Hall president Dale Petroskey sent a letter to the actors this week, telling them the festivities April 26-27 at Cooperstown, N.Y., had been called off.
Petroskey, a former White House assistant press secretary under Ronald Reagan, said the actors' recent comments "ultimately could put our troops in even more danger."
Reached Wednesday night, Robbins said he was "dismayed" by the decision. He responded with a letter he planned to send to Petroskey, telling him: "You belong with the cowards and ideologues in a hall of infamy and shame."
The weekend affair, planned months ago, also was to feature "Bull Durham" actor Robert Wuhl and writer-director Ron Shelton.
Robbins plays an up-and-coming minor league pitcher in the 1988 film and Sarandon plays a fan who helps him focus his erratic talent. Kevin Costner also stars.
Instead of commemorating the movie, the Hall canceled the celebration in a letter sent Tuesday to the scheduled participants.
"In a free country such as ours, every American has the right to his or her own opinions, and to express them. Public figures, such as you, have platforms much larger than the average American's, which provides you an extraordinary opportunity to have your views heard — and an equally large obligation to act and speak responsibly," Petroskey wrote.
"We believe your very public criticism of President Bush at this important — and sensitive — time in our nation's history helps undermine the U.S. position, which ultimately could put our troops in even more danger. As an institution, we stand behind our President and our troops in this conflict."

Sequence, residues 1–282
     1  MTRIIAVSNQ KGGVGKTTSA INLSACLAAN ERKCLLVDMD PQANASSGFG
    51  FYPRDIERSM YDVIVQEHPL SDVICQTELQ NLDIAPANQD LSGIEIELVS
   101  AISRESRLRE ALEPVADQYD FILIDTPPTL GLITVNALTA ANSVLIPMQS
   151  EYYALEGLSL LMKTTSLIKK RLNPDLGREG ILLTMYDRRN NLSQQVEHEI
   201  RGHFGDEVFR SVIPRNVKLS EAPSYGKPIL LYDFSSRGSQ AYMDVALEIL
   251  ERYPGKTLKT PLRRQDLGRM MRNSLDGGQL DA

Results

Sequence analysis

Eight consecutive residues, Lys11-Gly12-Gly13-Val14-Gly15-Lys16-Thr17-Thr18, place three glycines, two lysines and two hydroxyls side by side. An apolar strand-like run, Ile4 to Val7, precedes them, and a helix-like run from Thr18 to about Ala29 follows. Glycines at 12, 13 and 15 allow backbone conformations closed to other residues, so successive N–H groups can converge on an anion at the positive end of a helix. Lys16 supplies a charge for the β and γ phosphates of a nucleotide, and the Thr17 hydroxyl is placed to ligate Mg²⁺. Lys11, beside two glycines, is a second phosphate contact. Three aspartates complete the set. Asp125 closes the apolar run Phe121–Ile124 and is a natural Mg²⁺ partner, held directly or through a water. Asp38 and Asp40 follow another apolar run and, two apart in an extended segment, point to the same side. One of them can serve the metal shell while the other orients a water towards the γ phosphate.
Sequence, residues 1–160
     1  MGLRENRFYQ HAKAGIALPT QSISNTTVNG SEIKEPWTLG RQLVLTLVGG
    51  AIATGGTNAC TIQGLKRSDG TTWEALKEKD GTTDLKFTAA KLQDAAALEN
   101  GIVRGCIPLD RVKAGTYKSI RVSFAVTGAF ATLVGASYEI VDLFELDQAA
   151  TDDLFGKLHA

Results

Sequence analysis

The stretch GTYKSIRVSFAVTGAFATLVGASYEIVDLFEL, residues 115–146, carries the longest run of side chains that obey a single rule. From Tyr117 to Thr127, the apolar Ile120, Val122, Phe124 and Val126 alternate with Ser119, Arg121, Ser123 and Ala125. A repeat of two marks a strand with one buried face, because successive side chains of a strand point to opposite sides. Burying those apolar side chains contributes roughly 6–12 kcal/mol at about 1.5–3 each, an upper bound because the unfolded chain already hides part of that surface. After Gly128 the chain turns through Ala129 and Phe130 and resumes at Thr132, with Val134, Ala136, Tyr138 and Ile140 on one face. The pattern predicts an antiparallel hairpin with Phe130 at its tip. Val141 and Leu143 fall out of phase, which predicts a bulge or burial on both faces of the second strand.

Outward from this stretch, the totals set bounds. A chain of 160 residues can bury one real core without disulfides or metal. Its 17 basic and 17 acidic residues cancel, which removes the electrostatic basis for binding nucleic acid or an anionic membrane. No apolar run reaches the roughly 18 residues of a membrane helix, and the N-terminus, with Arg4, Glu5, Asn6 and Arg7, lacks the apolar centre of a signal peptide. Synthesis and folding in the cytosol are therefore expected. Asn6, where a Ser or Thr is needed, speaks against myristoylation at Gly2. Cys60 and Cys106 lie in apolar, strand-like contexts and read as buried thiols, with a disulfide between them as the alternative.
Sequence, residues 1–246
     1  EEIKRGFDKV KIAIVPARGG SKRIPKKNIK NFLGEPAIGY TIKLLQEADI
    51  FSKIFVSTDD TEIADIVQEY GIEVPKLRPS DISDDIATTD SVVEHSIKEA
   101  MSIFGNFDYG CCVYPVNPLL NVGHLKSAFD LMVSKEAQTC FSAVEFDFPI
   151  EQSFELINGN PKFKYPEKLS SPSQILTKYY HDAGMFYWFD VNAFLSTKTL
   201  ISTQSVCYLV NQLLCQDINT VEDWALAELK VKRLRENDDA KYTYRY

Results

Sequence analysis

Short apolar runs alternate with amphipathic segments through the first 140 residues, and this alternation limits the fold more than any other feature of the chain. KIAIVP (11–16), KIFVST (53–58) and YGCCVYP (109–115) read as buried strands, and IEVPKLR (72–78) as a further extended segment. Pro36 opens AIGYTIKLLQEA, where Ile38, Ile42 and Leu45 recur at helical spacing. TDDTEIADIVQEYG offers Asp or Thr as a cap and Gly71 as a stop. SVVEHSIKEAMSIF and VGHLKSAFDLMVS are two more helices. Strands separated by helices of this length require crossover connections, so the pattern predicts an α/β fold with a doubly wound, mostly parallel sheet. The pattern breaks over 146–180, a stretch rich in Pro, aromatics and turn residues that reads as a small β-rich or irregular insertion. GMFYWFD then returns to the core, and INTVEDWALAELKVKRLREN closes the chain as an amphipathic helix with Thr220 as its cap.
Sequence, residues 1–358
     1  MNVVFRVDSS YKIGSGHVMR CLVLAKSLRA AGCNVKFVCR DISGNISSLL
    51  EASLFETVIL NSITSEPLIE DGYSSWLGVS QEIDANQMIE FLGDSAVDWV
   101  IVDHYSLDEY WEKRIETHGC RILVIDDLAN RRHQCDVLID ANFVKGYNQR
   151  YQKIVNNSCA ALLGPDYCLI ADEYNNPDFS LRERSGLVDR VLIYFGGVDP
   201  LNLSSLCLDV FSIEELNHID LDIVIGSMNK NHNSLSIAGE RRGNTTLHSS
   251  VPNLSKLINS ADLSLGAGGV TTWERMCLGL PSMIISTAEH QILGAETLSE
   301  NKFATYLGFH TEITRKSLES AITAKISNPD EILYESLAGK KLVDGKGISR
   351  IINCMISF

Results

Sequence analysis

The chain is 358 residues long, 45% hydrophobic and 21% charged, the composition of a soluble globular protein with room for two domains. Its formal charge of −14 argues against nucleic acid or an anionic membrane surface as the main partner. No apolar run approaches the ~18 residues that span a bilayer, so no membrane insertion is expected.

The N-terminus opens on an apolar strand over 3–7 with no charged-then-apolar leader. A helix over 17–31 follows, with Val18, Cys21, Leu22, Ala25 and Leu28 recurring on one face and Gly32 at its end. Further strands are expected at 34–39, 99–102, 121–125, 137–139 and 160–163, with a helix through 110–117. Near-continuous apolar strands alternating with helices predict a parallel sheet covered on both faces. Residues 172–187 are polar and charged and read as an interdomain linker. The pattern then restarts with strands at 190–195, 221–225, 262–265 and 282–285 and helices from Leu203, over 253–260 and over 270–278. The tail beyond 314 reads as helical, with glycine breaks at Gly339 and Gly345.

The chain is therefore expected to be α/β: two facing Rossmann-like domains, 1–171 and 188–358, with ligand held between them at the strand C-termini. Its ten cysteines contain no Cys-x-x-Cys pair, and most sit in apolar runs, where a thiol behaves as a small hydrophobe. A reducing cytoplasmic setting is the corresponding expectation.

Robbins and Sarandon, his longtime partner, have been active in peace rallies to protest the war in Iraq.
In his letter, Robbins said he'd been looking forward to "a weekend away from politics and war." He said he remained "skeptical" of the war plans and told Petroskey he did not realize baseball was "a Republican sport."
"I am sorry that you have chosen to use baseball and your position at the Hall of Fame to make a political statement," Robbins wrote. "I know there are many baseball fans that disagree with you, and even more that will react with disgust to realize baseball is being politicized.
"To suggest that my criticism of the President put the troops in danger is absurd. ... I wish you had, in your letter, saved me the rhetoric and talked honestly about your ties to the Bush and Reagan administrations."
Robbins signed his letter with a reference to an old World Series champion: "Long live democracy, free speech and the '69 Mets — all improbable, glorious miracles that I have always believed in."
By Ben Walker